Independent TD Peter Fitzpatrick has told the Dáil Éireann that the time has come to deploy the Army to stop non-essential cross border travel, blaming a lack of cross border cooperation for the high numbers of positive Covid-19 cases in border areas, specifically north Louth.
As of midnight Wednesday, there were 482 new Covid-19 cases nationwide, with 17 of those in Louth and 13 of those in Monaghan, as well as 24 in Donegal. There have been 804 positive Covid-19 cases along the border counties in the last 14 days.
Speaking on Thursday, Deputy Fitzpatrick reiterated his concerns that people and businesses in the north of the county were being let down given those living over the border were free to travel south, with no restrictions put upon them.
“We need to protect our people and businesses,” he said. “We have a serious issue at the moment. I come from Dundalk. What will happen on Friday in the North if they start opening pubs and restaurants? People will travel from the South across the Border and vice versa. That will cause serious problems. We must do something about it.”
The former Fine Gael TD said there was no way it was possible for Gardai to conduct checkpoints at the approximately 30 border crossings in the county, from Omeath in the east to Culloville. He suggested the Defence Forces be deployed, suggesting soldiers in Aiken Barracks would be well placed to cover the border crossings.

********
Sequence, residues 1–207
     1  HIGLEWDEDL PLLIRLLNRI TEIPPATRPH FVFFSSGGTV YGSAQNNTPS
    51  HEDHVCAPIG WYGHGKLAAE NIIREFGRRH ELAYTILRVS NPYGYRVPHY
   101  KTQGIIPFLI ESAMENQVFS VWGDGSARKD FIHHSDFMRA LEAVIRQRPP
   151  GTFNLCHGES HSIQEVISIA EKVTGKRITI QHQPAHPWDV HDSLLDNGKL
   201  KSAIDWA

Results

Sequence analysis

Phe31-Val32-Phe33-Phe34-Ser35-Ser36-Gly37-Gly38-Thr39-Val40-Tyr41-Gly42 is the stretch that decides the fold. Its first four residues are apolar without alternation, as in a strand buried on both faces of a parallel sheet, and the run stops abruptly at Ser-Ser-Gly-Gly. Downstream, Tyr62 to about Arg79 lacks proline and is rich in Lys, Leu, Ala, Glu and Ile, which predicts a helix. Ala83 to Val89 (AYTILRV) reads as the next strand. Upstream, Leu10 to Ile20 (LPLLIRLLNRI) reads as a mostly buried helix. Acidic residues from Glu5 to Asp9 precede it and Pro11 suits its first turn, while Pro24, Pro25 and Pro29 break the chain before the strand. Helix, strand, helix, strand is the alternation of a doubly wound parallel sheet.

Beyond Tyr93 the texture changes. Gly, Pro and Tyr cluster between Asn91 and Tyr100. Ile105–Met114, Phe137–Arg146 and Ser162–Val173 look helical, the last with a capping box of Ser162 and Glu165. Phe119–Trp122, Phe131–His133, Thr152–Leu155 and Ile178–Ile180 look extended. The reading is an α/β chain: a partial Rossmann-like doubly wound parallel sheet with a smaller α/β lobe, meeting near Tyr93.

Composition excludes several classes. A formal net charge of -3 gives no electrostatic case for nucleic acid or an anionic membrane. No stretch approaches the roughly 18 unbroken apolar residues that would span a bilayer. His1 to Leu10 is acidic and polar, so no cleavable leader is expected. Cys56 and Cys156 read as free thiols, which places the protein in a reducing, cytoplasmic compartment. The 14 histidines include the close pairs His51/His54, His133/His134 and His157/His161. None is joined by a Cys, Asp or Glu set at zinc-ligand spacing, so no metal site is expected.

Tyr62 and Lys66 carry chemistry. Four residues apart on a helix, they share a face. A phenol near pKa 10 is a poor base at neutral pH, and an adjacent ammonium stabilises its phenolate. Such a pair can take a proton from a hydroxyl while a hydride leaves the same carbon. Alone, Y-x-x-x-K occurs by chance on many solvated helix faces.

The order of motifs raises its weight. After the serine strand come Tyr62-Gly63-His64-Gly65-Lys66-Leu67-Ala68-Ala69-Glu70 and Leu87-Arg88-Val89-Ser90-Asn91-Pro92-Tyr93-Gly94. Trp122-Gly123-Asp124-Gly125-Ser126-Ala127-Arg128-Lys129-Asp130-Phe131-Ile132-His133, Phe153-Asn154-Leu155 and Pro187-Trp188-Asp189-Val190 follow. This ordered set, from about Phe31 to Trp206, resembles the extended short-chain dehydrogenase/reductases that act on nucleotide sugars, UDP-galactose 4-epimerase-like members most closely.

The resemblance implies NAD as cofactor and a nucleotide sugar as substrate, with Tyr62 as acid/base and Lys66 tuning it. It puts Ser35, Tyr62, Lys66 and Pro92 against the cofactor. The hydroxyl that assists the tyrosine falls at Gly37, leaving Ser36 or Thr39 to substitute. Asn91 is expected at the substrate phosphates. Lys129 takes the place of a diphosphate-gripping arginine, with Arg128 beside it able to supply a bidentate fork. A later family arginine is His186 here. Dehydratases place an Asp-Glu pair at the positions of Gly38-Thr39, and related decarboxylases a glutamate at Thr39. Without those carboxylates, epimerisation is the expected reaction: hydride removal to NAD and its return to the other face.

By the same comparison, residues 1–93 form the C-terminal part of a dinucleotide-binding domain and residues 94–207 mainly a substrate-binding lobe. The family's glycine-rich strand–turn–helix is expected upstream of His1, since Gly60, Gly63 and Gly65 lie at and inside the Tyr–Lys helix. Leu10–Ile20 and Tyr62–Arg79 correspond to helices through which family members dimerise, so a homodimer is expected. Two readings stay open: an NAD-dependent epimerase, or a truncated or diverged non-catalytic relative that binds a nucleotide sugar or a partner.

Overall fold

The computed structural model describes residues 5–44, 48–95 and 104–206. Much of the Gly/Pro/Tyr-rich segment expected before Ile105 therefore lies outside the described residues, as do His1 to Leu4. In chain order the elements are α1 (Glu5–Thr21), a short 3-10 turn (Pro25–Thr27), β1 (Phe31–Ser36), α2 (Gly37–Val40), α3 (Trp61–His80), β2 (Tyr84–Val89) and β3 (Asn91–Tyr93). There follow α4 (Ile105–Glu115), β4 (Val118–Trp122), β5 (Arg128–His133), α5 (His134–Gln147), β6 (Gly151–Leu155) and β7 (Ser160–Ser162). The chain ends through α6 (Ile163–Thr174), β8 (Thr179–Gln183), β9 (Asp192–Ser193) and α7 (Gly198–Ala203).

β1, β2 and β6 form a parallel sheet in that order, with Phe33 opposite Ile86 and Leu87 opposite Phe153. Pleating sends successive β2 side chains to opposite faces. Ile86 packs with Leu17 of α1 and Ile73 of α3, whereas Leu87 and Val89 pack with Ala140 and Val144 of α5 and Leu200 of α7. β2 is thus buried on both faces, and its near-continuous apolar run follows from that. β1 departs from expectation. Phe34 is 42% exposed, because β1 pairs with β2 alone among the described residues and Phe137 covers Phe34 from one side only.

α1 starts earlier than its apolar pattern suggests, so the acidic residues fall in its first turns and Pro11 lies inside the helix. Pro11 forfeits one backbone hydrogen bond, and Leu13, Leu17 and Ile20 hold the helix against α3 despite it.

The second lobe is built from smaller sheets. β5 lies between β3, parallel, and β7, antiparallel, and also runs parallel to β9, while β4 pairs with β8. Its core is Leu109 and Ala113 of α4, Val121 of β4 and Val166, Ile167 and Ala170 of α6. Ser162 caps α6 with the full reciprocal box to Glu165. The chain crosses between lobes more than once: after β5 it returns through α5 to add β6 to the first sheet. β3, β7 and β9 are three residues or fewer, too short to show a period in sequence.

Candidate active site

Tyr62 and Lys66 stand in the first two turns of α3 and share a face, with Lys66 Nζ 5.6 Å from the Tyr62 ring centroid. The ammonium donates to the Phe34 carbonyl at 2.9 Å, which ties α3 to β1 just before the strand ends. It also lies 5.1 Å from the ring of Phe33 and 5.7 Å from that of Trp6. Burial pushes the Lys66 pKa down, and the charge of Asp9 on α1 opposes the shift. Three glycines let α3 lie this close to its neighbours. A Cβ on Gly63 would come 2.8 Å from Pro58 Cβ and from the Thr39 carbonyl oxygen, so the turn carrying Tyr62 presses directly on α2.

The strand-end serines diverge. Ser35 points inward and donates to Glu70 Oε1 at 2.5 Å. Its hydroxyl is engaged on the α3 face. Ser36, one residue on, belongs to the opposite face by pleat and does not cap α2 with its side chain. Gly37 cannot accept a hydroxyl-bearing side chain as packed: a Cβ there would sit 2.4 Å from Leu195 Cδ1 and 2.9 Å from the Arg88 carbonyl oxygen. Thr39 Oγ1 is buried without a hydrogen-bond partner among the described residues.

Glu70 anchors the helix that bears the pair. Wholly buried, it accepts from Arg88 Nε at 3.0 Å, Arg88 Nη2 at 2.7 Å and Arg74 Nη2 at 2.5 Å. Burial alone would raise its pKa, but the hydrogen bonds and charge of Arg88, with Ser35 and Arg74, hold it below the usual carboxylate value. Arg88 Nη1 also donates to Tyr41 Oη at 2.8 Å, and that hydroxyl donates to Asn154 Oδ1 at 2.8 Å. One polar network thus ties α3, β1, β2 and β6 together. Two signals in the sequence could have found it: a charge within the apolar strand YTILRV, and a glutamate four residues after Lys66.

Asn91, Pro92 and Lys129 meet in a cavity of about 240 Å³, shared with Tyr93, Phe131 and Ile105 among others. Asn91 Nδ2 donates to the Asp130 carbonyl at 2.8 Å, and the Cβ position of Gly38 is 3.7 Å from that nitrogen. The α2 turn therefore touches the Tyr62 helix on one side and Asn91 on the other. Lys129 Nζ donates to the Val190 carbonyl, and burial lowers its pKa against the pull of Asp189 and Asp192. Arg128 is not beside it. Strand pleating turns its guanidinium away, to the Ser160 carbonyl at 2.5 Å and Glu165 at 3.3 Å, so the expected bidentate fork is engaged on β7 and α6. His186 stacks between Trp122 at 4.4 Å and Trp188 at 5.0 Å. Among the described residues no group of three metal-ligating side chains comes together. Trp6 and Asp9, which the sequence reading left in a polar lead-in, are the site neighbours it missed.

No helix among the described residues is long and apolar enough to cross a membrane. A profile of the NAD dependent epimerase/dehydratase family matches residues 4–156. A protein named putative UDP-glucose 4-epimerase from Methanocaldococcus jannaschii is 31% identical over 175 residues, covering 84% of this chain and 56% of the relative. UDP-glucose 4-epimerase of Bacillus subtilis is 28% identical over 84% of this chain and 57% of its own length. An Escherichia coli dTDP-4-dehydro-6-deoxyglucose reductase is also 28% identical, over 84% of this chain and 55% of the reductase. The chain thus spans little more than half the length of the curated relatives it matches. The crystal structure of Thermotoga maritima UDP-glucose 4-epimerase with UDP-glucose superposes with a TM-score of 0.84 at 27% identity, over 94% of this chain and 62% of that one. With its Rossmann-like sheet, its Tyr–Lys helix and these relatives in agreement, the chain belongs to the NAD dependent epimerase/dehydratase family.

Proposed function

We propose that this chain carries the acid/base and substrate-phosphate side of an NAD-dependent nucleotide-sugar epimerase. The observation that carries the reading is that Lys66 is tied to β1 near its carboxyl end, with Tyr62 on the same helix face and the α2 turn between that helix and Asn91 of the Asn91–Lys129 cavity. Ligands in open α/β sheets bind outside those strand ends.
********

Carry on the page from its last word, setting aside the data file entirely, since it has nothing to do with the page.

“As an ex-soldier of the 27th Battalion, I think it is about time we started to use the Army. There is a barracks in Dundalk with 450 soldiers,” he said. “Why not deploy them in Border areas? Donegal is in a serious situation. Louth, Cavan and Monaghan have done a fantastic job over the past three or four weeks. Is that just going to be flushed down the toilet?
“We have to be realistic. I wish to see a united Ireland, but I do not wish to see a united Ireland right now. At the moment, my first priority is for the citizens of Ireland to be protected. The Government has to protect them.”
Fitzpatrick said that “prevention is the best cure” and urged the government to use their “opportunity to do something,” but Tanaiste Leo Varadkar said there was no possibility of the army patrolling the border.
“The Government should get the Army out to stop the southerners and the northerners crossing up and down the Border. There is no problem with people who have to travel, but I have seen this situation develop in recent months and I do not like it. The situation is being abused.
“The freedom to travel is being abused in Border areas such as Omeath and Carlingford by northerners who are coming down to the South,” he added. He described the number of Northern registered car plates he has seen in north Louth during lockdown as “unreal.”
In response, the Tanaiste said the situation was serious but the enforcement of the current 5km rule should be conducted by Gardai and not the military.
“The Government is not giving any consideration to putting the Army on the Border between the North and the South,” he said. “We struggled and fought too hard for too many decades to take all armies off the Border and we certainly do not want to be the jurisdiction that puts uniforms on the Border again. That is not something to which we are giving consideration.
“The situation in Northern Ireland is much more serious than the situation here. There is a very significant reservoir of infection in Northern Ireland and people travelling to and from Northern Ireland create a real risk.”
As part of Level 5 lockdown restrictions, people can only travel beyond 5km of their home for essential purposes such as work, school, medical appointments or caring for a family member.